Hal Weeks, Observer Program Coordinator Oregon Dept. of Fish & Game 2040 SE Marine Science Drive Newport, Oregon 97365 Tel: (541) 867-0300 (check) Fax: (541) 867-0311 E-mail: firstname.lastname@example.org
Set Net Gillnet
Target: Swordfish, Thresher Shark Other Commercially Landed Species: ? Bycatch: ? Interaction with Protected Species: ? (Category I fishery, so marine mammals are caught frequently) Number of vessels: 10, operating in Oregon and California Number of observers: 2
For more information, contact:
Donald Petersen National Marine Fisheries Service, Southwest Region 501 W. Ocean Blvd., Suite 4200 Long Beach, California 90802-4213 Tel: (562) 980-4024 Fax: (562) 980-4027 E-mail: email@example.com
Target Species: Spot Prawn Other Commercially Landed Species: ? Bycatch: ? Interactions with Protected Species: ? No. of boats: ? No. of observers: ? Observer coverage: Target is 10%
This fishery will be occurring sometime in August 2000 and vessels operate from San Francisco to San Diego. The program will be funded by user fees that will be rolled into the permit fee. Permits will be issued to vessels based on landings in 1998 & 1999. The intention of the observer program is to document type and magnitude of bycatch. The program’s intention for now is not to arrive at total bycatch, but to document potential bycatch problem areas and to make recommendations for bycatch reduction. The program will be mandatory and the protocol of observer placement is up to the discretion of the California Department of Fish & Game.
For more information, contact:
Paul Reilly California Department of Fish and Game Monterey Bay, California Tel: (831) 649-2879 Fax: E-mail: firstname.lastname@example.org
Jerry Spratt California Department of Fish and Game Monterey Bay, California Tel: (831) 649-2880 Fax: E-mail: email@example.com
Ocean Salmon Project
Target Species: ? Bycatch: ? Interaction with Protected Species: marine mammals, seabirds? No. of Boats: ? No. of Observers: 8 Observer Coverage: ?
For more information, contact:
Melody Palmer-Zwahlen 1528 Healdsburg Ave. Healdsburg, California 95448 Tel: (707) 431-2687 Fax: E-mail: firstname.lastname@example.org
Northeast: Federally Managed Fisheries
Atlantic Sea Scallop Dredge Fishery Target Species: Atlantic sea scallop Other Commercially Landed Species: Monkfish, winter flounder, summer flounder, yellowtail flounder, lobster, crabs Bycatch: Sublegal crab, spotted hake, many flounder species Interactions with Protected Species: None observed No. of Vessels: 355 Observer Coverage: 1.5%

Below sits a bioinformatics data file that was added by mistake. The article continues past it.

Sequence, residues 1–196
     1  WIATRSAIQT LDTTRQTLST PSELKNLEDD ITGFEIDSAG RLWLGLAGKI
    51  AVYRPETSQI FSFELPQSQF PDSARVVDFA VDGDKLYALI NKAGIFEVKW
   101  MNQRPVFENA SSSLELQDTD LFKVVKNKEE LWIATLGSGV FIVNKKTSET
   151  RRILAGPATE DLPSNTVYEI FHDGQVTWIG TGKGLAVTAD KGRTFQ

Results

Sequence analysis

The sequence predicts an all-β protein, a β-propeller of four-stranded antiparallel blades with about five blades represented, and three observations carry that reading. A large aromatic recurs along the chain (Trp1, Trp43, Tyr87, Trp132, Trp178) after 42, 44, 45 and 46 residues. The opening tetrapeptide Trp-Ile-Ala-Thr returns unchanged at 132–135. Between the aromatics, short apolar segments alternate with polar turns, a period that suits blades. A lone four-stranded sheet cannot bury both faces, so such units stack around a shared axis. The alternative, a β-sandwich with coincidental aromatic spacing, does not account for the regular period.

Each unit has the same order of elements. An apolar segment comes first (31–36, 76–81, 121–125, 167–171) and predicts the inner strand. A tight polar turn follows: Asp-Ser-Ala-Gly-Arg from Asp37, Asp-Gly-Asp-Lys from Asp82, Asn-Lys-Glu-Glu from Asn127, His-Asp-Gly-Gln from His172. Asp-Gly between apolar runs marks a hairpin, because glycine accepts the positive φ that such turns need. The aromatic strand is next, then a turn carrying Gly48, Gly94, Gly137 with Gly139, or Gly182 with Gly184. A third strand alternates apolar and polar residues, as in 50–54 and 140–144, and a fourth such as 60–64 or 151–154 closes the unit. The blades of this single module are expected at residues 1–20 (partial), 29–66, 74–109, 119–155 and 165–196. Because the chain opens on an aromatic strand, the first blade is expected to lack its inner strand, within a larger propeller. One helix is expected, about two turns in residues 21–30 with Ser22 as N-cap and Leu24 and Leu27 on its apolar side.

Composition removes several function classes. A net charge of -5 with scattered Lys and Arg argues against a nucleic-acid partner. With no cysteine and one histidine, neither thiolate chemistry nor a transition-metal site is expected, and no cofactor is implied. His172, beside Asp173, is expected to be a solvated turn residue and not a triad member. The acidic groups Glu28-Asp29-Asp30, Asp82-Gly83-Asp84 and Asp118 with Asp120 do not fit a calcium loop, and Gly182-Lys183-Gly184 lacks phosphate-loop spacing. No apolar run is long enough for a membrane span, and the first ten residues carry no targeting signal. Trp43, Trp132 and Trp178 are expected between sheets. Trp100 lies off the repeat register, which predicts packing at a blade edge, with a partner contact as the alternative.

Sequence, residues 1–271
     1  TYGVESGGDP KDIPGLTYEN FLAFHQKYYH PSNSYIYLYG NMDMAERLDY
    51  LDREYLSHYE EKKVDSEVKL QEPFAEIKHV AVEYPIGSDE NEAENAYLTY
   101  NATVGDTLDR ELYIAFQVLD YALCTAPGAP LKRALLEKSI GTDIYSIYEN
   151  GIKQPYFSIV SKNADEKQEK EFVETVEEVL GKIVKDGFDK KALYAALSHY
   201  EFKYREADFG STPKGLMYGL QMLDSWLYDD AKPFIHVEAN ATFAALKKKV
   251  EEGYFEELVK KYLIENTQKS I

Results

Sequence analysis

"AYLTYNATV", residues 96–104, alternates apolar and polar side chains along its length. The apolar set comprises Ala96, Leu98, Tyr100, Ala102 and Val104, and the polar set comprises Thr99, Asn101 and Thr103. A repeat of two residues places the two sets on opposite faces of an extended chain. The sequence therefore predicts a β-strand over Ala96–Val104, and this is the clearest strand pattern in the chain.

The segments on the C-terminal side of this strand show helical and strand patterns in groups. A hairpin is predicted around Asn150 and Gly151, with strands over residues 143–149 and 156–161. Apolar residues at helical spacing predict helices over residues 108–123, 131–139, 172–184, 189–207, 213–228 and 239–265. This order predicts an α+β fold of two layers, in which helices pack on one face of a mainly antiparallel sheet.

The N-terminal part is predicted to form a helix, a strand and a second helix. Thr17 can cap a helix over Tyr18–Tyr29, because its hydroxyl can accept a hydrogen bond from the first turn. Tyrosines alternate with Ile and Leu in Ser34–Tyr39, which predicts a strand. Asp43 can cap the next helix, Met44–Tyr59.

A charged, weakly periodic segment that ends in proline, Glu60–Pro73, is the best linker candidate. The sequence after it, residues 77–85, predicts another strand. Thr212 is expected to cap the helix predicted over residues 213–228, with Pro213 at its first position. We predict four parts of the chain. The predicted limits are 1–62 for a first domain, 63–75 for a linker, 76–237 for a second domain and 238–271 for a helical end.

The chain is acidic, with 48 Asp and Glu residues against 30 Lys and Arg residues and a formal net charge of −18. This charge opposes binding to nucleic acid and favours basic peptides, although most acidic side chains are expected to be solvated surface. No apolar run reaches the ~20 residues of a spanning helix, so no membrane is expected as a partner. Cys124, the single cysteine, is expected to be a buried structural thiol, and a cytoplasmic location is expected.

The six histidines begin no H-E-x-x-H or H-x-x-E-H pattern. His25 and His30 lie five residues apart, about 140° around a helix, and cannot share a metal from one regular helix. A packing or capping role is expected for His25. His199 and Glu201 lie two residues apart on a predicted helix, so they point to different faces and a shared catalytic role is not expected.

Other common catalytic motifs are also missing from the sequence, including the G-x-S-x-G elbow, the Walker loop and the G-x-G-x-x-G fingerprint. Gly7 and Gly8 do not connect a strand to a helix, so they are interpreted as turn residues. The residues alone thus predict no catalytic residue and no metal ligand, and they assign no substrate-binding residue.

Northeast Fisheries Science Center: See Scallop Observer Program
Giant Atlantic Bluefin Tuna Purse Seine Fishery Target Species: Giant Atlantic bluefin tuna Other Commercially Landed Species: None observed Bycatch: None observed. Interactions with Protected Species: Pilot whales, Minke whale, humpback whale. No. of Vessels: 5 Observer Coverage: 95.6%
Large Pelagic Drift Gillnet Fishery (information for 1996) Target Species: Swordfish Other Commercially Landed Species: Bigeye tuna, yellowfin tuna, albacore, mako, sharks, thresher sharks Bycatch: Bluefin tuna, skipjack tuna, manta rays, ocean sunfish, sharks Interactions with Protected Species: Common dolphins, beaked whales (several species), striped dolphins, pilot whales, spotted dolphins. Of these caught, 98% were killed No. of Vessels: About 30 Observer Coverage: 81%
Lobster Pot Fishery (information for 1996) Target Species: American lobster. Other Commercially Landed Species: Red hake, black seabass. Bycatch: None observed. Interactions with Protected Species: None observed. No. of Vessels: ? Observer Coverage: 0.1%
New England and Mid-Atlantic Gillnet Fisheries (information for 1996) Target Species: Atlantic Cod, pollock, flounder, spiny and smooth dogfish, monkfish, Atlantic croaker, weakfish, bluefish, mackerel, menhaden, shad, spot, Spanish mackerel, striped bass. Other Commercially Landed Species: Winter skate, clearnose skate, sea robin, Atlantic herring, little skate. Bycatch: ? Interactions with Protected Species: Harbor porpoise, harbor seal, harp seal, gray seal, common dolphin, white-sided dolphin, bottlenose dolphin, greater shearwater, northern gannet, cormornt, common loon, thin-billed murres, great black-backed gulls, sooty shearwater, loggerhead turtles No. of Vessels: 600 Observer Coverage: 5-7% Northwest Atlantic Trawl Fishery Target Species: Northern shrimp, groundfish (New England Multispecies), monkfish, summer flounder, squid, Atlantic mackerel, scup, spiny dogfish, weakfish, bluefish, Atlantic croaker, horsehair crab. Other Commercially Landed Species: Butterfish, monkfish, sharks, weakfish, bluefish, flounders, croaker, hakes, black seabass, dogfish, skates, sturgeon, swordfish tautog, tilefish tunas and lobster. Bycatch: Invertebrates, sublegals of landed species. Interactions with Protected Species: Common dolphins, pilot whales, loggerhead turtles, seabirds. No. of Vessels: ? Observer Coverage: Less than 1%.